In this self-questioning lament there is a most unusual combination of humility and moral egoism. From the early years of the century, when Gandhi was in South Africa, he had the conviction that he had to be the leader; and to be a public figure, he had first to awaken his own moral conscience. In a 1942 letter to an obtuse Englishman, Viceroy Linlithgow, he wrote: “A mission… came to me in 1906, namely to spread truth and non-violence among mankind in the place of violence and falsehood in all walks of life.” And to achieve this mission, he had taken the vows of chastity and poverty and surrender to the will of God.
Inevitably, on his return to India, Gandhi assumed the leadership of the national movement in 1920. For this he had already shaped the powerful instrument of non-violent satyagraha – insistence upon truth in all one’s actions. Civil disobedience was a specific form of this mode of action in the political arena. The immediate objective was swaraj; the means to it, satyagraha; and the ultimate goal, sarvodaya.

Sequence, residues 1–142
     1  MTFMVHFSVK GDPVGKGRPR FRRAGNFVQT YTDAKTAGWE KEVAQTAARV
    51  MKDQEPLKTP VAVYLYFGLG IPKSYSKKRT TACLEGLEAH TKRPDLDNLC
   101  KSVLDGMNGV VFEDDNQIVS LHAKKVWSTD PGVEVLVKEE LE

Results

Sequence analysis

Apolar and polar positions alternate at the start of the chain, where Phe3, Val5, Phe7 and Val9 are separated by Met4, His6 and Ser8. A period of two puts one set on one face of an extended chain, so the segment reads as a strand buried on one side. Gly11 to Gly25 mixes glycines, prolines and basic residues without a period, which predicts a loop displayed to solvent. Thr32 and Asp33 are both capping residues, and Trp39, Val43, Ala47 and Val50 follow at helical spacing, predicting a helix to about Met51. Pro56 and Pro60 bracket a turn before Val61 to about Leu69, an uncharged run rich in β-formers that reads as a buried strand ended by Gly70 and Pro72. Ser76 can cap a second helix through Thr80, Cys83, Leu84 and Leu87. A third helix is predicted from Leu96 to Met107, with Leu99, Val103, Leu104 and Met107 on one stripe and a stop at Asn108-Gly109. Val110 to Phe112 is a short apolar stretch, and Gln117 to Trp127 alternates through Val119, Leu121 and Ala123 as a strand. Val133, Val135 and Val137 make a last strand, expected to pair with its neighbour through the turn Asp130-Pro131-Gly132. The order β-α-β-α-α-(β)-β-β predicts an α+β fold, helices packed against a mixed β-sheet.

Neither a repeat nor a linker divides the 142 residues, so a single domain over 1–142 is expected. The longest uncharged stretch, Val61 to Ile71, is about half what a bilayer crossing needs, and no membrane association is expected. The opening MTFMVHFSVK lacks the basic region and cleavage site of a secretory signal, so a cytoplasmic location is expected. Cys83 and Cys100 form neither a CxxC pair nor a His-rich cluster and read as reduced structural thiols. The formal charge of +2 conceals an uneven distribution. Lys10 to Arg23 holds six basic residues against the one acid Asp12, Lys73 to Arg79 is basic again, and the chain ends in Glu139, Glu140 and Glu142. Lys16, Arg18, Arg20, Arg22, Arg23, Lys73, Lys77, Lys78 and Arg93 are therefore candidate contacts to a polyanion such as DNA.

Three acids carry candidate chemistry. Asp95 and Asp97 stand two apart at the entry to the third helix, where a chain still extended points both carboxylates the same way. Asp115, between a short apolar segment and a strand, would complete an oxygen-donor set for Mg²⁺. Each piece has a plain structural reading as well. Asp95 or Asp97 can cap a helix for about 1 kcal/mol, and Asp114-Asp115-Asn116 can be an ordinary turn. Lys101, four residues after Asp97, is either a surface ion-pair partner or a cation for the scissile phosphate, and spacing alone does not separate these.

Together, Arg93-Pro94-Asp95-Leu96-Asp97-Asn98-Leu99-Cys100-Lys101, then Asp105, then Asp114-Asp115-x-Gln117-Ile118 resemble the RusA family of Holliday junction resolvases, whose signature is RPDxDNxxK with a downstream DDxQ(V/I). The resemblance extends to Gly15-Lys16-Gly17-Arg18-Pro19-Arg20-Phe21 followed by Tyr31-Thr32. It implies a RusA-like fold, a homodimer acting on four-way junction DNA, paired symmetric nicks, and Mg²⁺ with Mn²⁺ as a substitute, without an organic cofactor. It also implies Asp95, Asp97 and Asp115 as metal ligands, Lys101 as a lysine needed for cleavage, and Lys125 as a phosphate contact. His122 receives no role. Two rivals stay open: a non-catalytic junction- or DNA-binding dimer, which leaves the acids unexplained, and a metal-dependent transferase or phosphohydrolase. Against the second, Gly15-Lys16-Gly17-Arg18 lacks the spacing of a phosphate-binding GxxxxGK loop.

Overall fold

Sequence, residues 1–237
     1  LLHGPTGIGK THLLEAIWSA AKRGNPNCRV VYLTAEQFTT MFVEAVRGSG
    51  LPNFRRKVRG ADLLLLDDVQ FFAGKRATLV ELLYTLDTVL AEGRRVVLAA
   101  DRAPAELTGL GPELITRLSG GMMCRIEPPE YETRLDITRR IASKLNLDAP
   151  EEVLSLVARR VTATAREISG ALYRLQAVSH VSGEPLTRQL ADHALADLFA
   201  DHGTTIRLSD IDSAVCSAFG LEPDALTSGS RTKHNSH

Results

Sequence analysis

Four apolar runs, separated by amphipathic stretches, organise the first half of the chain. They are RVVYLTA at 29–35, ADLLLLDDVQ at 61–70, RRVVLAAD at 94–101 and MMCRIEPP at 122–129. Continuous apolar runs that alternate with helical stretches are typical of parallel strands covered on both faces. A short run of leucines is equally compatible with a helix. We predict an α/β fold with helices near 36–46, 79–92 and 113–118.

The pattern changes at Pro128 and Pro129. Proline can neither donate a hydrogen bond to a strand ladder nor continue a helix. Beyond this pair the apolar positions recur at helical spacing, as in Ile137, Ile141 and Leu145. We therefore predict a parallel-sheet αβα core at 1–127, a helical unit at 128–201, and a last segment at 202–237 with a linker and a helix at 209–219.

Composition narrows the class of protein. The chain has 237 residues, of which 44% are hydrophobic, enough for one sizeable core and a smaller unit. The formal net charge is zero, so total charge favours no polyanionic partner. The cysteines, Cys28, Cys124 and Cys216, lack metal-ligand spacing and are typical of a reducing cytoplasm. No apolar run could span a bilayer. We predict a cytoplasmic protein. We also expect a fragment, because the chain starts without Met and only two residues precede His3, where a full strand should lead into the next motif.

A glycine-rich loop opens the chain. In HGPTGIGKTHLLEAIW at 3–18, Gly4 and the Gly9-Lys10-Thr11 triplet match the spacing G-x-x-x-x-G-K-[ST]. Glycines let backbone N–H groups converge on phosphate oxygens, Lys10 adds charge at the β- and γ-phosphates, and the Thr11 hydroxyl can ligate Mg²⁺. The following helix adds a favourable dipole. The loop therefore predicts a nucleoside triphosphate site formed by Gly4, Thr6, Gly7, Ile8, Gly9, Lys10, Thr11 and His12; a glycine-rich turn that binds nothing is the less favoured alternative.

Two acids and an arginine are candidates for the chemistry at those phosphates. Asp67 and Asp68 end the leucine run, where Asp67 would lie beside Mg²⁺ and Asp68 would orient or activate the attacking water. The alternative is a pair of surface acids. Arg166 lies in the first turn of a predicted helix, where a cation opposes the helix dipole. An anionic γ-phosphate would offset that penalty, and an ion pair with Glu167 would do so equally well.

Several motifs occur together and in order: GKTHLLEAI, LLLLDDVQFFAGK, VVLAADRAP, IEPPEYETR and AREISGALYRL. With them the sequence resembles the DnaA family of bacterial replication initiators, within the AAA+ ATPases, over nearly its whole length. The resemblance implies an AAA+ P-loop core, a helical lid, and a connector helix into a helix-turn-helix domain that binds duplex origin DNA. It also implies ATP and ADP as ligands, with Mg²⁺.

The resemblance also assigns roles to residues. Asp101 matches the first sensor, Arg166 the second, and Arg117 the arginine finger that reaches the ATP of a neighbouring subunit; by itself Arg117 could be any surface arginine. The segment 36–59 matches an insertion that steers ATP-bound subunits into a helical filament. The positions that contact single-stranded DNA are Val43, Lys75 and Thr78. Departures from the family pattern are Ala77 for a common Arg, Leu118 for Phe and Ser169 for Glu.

For a quarter century, from the early 1920s to the mid-1940s, Gandhi was the leader of the Indian national movement, a colossus, and that too most of the time on his own terms. He was indeed a charismatic leader who almost always managed to win over dissenters, who suppressed their doubts about his approach, and eventually fell in line. The most notable example, of course, is that of Jawaharlal Nehru. There were some, however, who felt displaced and became his bitter political foes, foremost among them being Muhammad Ali Jinnah.
From Quit India to Partition
The leader was his own stern judge and on occasion confessed to what he called his Himalayan blunders. One of these perhaps, although not acknowledged as such by him, was the Quit India movement launched in August 1942. It led to the immediate imprisonment of Gandhi, his closest associates, and the top rung of Congress leaders. The political space was thrown open to his opponents, notably the Muslim League under Jinnah, to spread their appeal and consolidate their position. Partition became a reality in less than half a dozen years, although Gandhi had said this could happen only over his dead body.